Nov. 14 (Bloomberg) -- The Big Ten Conference removed Joe Paterno’s name from its football championship trophy after a child sex-abuse scandal at Penn State resulted in the ouster of the football coach and the university’s president.
“We believe that it would be inappropriate to keep Joe Paterno’s name on the trophy,” conference Commissioner Jim Delany said in a statement. “The trophy and its namesake are intended to be celebratory and aspirational, not controversial.”
Paterno, 84, who won more games than any coach in college football’s top division, was fired last week amid a scandal involving his former defensive coordinator, Jerry Sandusky. University President Graham B. Spanier was also removed from his position.
The trophy was to be called the Stagg-Paterno Trophy in honor of Paterno and Amos Alonzo Stagg, coach at the University of Chicago when it was a founding member of the Park Ridge, Illinois-based conference. Paterno took over as coach at Penn State in 1966.
The trophy, awarded to the winner of the conference title game, will now be known as the Stagg Championship Trophy, the conference said. The Big Ten will stage its inaugural championship game Dec. 3 in Indianapolis.
Penn State is 5-1, best in the conference’s Leaders Division, after its Nov. 12 loss to Nebraska. Tom Bradley is the team’s interim coach.
Sandusky, 67, was released on $100,000 unsecured bail on Nov. 5 after appearing on charges involving sexual abuse of children when he ran The Second Mile, a charitable organization for young people. Jack Raykovitz, who headed Second Mile for 28 years, resigned yesterday, the organization said in a news release.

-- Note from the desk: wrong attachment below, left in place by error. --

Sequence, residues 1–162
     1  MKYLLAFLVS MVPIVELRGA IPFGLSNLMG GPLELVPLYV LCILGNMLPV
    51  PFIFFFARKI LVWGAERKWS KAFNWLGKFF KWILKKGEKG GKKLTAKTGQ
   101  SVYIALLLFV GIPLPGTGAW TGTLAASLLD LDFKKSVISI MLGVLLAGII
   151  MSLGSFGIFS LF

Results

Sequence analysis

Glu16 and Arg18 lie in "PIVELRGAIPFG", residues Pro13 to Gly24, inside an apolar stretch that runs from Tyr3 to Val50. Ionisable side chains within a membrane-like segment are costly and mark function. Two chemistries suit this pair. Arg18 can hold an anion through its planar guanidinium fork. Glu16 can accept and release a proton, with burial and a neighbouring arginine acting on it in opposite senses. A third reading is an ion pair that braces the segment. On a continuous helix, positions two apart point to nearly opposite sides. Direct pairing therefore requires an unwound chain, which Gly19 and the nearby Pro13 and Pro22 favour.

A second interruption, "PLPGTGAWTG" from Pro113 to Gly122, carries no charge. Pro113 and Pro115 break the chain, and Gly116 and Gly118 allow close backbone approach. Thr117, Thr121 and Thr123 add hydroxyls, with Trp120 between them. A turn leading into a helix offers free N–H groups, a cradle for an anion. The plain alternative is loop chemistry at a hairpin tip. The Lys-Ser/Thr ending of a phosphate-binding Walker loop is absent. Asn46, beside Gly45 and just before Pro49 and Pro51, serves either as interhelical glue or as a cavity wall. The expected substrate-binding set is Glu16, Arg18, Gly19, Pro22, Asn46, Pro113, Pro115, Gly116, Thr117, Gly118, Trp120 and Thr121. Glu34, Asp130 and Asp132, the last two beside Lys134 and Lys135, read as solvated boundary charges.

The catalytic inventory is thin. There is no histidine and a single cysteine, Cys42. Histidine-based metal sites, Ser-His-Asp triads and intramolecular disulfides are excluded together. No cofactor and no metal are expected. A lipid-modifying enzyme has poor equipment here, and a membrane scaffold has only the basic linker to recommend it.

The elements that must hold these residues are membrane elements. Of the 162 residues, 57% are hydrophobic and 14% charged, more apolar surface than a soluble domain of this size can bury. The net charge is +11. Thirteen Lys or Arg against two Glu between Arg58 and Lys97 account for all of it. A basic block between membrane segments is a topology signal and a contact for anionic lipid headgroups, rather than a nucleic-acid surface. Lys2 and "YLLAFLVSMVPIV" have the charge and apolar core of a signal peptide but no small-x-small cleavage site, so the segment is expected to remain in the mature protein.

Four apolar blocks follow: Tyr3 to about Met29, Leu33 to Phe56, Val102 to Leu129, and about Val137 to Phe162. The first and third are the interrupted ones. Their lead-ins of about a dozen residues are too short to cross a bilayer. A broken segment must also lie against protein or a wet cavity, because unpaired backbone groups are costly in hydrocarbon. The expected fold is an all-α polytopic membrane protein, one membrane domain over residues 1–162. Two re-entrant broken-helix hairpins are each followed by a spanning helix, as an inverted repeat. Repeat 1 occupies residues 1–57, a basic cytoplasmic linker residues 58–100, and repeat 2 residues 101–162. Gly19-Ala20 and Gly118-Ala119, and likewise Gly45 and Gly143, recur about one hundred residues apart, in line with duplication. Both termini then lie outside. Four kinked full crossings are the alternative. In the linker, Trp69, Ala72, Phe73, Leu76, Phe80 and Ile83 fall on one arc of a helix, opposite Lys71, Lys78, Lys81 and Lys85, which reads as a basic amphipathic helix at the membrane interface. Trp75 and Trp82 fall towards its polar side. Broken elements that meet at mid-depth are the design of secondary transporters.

The charges against Sandusky involve sexual assaults or advances on eight boys from 1994 to 2009, according to Pennsylvania Attorney General Linda Kelly.
Athletic Director Timothy Curley, 57, and Gary Schultz, 62, a senior vice president who oversaw the university police, were arraigned on charges of perjury and failing to report the allegations. The university announced on Nov. 7 that Schultz would step down and return to retirement, while Curley would be placed on administrative leave to focus on his defense.
According to the grand jury report, in 2002 Mike McQueary, then a graduate student and now an assistant coach on administrative leave, witnessed Sandusky sexually assault a boy in the shower at the football building. The boy was about 10, the report said, citing McQueary. The report says McQueary told Paterno what he saw -- it doesn’t specify what the coach was told -- and that Paterno told him to speak with Curley and Schultz.
After meeting with McQueary, Schultz and Curley reported to Spanier, who banned Sandusky from bringing children from his foundation into the football building, according to the report. Spanier, 63, told the grand jury he was unaware that the incident was sexual in nature.
Paterno, who recorded 409 wins, said in a Nov. 9 statement that he wished he “had done more” to deal with the scandal.
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